I've got an update from the KU parking folks: This smartphone meter system is up and running now. So you can go ahead park to your heart's content, coin-free.
If you find yourself parking on the KU campus during the day from time to time, but not so often that you want to buy a parking permit, that may mean you're often digging around for coins to feed one of the 277 parking meters on campus.
But by the time the fall semester starts next month, you'll no longer have to do that, if you don't want to. You can save your coins for flipping, scratching off lottery tickets or pretending to find behind children's ears.
That's because of these green stickers that perhaps you've seen stuck to the front of campus parking meters this summer, which a tipster asked about:
The stickers mean that you can use a service to pay for the meters electronically, using a credit card, from your phone. The service, called Parkmobile, has a smartphone app you can use to pay, or you can use the actual phone part of your cellphone to pay, using the phone number listed there.
To do that, you have to register an account with the company, giving it your license plate number and a credit card on file. Then, enter the number on the sticker, or scan the QR code shown, to let it know where you're parking.
"We were looking for a way to make it easier for people to buy some time," said Donna Hultine, director of KU Parking and Transit. She said the service is not active yet at KU, but it will be by the time the fall semester begins, on Aug. 26. The stickers are coming to all of the campus's long-term parking meters, the biggest concentration of which is near the Ambler Student Recreation Fitness Center and the Watkins Memorial Health Center.
As visitor parking rates on the campus have risen over time, parking meters have experienced less use, Hultine said.
In August 2012, the hourly rate — for long-term parking meters or the garages near Allen Fieldhouse and the Kansas Union — rose to $1.50. (Starting Aug. 1, the rate in the garages will rise to $1.75 for the first hour and $1.50 per hour afterward.)
That money goes to fund staffing and maintenance for Parking and Transit, such as the resurfacing of the lot across from KU's engineering buildings this summer. (That lot, by the way, will now have permeable pavement that will allow water runoff to go into underground retention areas, helping to create a rain garden on one end.)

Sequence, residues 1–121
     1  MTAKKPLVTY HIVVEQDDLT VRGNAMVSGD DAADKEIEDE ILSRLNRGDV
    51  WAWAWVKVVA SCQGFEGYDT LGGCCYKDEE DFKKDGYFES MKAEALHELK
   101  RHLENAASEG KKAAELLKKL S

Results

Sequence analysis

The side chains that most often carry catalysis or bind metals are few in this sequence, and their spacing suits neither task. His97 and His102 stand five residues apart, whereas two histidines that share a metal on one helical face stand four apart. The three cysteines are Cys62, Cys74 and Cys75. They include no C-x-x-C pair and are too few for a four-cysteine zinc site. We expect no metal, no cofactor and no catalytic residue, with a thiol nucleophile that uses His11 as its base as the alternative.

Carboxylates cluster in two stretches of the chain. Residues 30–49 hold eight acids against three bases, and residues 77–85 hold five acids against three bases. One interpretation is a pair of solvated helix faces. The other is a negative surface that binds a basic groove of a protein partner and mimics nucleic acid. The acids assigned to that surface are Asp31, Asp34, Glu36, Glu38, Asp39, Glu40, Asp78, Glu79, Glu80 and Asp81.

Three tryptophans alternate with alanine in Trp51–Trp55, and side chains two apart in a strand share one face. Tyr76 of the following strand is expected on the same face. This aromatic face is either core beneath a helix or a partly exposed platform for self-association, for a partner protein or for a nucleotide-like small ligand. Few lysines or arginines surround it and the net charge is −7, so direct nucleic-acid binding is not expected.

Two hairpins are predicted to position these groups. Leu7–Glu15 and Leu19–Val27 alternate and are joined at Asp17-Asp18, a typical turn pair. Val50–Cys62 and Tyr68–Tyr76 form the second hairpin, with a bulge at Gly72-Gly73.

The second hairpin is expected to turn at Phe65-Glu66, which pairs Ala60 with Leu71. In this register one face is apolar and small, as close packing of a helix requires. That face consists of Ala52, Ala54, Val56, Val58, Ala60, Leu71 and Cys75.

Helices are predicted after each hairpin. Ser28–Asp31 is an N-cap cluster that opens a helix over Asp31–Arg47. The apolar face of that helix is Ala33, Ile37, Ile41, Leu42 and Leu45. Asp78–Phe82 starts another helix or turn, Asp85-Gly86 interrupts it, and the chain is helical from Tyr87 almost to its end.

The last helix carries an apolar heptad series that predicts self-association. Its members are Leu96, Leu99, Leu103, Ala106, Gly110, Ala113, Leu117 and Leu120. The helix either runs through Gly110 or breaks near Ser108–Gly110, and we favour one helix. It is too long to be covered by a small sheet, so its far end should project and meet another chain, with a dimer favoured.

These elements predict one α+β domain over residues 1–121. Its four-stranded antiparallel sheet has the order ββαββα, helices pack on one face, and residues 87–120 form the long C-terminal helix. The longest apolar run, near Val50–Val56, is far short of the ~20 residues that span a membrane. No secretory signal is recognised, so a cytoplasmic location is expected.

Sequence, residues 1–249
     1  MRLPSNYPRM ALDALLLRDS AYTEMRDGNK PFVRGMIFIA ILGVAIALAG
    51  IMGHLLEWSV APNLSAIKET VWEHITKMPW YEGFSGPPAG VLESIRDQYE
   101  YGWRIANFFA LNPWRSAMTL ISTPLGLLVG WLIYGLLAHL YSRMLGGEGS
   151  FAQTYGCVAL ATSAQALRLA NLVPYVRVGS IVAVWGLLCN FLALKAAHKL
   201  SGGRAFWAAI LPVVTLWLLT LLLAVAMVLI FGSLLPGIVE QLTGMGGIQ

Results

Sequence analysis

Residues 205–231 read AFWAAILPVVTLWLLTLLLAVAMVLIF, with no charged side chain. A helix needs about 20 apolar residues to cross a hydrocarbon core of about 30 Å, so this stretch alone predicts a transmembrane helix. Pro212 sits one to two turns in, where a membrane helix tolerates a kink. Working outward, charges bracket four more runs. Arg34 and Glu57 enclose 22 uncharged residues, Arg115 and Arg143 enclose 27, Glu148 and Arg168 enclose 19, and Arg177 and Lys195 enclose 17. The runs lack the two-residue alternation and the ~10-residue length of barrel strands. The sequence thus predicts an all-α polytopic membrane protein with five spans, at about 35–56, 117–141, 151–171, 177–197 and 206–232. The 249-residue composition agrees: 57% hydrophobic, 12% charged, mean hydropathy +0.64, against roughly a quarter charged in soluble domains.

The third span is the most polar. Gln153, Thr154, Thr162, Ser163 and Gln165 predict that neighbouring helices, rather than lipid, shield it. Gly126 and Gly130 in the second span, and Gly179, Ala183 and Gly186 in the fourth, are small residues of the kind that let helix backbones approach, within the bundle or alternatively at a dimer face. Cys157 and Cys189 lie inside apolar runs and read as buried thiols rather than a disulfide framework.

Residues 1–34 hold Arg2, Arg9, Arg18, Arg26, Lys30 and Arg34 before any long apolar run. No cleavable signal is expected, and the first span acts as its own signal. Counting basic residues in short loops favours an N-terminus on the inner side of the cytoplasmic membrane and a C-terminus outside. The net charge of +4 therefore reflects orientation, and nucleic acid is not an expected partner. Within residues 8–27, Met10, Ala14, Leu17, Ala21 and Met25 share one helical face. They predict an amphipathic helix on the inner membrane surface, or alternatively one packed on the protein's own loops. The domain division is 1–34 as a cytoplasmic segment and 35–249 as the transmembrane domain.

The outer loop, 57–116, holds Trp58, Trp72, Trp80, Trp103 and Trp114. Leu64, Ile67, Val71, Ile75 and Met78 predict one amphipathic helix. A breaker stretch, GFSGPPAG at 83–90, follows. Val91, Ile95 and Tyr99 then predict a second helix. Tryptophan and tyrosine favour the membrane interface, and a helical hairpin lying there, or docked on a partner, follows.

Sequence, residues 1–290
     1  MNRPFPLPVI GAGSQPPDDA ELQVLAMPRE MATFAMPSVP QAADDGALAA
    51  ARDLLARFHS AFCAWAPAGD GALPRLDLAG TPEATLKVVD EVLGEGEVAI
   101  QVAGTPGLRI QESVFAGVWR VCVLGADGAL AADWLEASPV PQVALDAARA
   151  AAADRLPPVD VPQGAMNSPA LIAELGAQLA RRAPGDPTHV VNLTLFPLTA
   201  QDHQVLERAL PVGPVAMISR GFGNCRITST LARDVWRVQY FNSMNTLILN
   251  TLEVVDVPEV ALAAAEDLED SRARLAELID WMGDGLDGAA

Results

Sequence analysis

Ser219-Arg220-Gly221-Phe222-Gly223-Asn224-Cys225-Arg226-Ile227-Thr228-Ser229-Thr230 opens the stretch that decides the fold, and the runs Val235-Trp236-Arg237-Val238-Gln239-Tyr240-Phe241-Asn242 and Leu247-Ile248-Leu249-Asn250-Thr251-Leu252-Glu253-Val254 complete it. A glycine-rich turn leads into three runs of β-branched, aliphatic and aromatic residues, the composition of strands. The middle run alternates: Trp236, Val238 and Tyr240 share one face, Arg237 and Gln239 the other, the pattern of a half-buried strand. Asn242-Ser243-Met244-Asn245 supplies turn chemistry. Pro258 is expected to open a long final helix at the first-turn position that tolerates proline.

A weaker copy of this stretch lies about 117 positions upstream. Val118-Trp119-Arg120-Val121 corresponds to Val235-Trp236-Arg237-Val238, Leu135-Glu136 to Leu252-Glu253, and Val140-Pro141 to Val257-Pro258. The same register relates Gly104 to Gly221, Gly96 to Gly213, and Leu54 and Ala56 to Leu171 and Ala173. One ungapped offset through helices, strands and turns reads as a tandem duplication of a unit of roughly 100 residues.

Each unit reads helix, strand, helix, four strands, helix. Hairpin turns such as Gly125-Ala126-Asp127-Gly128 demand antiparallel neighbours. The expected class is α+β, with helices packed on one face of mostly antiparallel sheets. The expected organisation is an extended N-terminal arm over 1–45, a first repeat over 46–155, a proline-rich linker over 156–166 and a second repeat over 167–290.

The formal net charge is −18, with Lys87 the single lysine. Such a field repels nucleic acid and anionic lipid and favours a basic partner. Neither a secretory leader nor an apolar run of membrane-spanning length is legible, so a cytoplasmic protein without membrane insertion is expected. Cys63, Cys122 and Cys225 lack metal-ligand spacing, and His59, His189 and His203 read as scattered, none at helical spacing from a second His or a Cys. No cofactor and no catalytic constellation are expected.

"We've got a lot of crumbling asphalt across campus," Hultine said.
But Hultine hopes the new electronic system will encourage more people to use the meters, even if they don't have six quarters jingling around in their pockets.
The service will also notify you when your meter's about to expire with a text message providing a 15-minute warning, Hultine said. You can extend the meter from your phone, wherever you are.
You will, though, have to pay a 35-cent fee for each transaction. That's the Parkmobile company's cut of the deal; the actual parking fare will still go to KU. And people can still feed the meters with coins if they like.
"I just really hope that it helps people to avoid getting tickets," Hultine said.
Parking and Transit will also use the technology to open an entire new lot, the one just east of Memorial Stadium, to visitors (lot No. 94 on this map). Right now that lot is available only with a campus permit during the day, but starting in August visitors will be able to use the Parkmobile service to park there using a virtual meter. KU won't even have to install any physical meters, which Hultine said cost about $600 a pop.
Hultine said KU might do that with more permit-only lots in the future, too.
The company started in Europe in 1999 as a call-in service, and it opened its U.S. operation in 2008, based in Atlanta. It's expanded rapidly in the past two years, Dyer said, spreading to a lot of college campuses.
"It's perfect in a university setting," Dyer said, "especially because most of the kids have smartphones."
Amazing what you can do from your phone these days. You can also use it to send a KU news tip to firstname.lastname@example.org — and there's no fee, if you send it today! (Or at any later time.)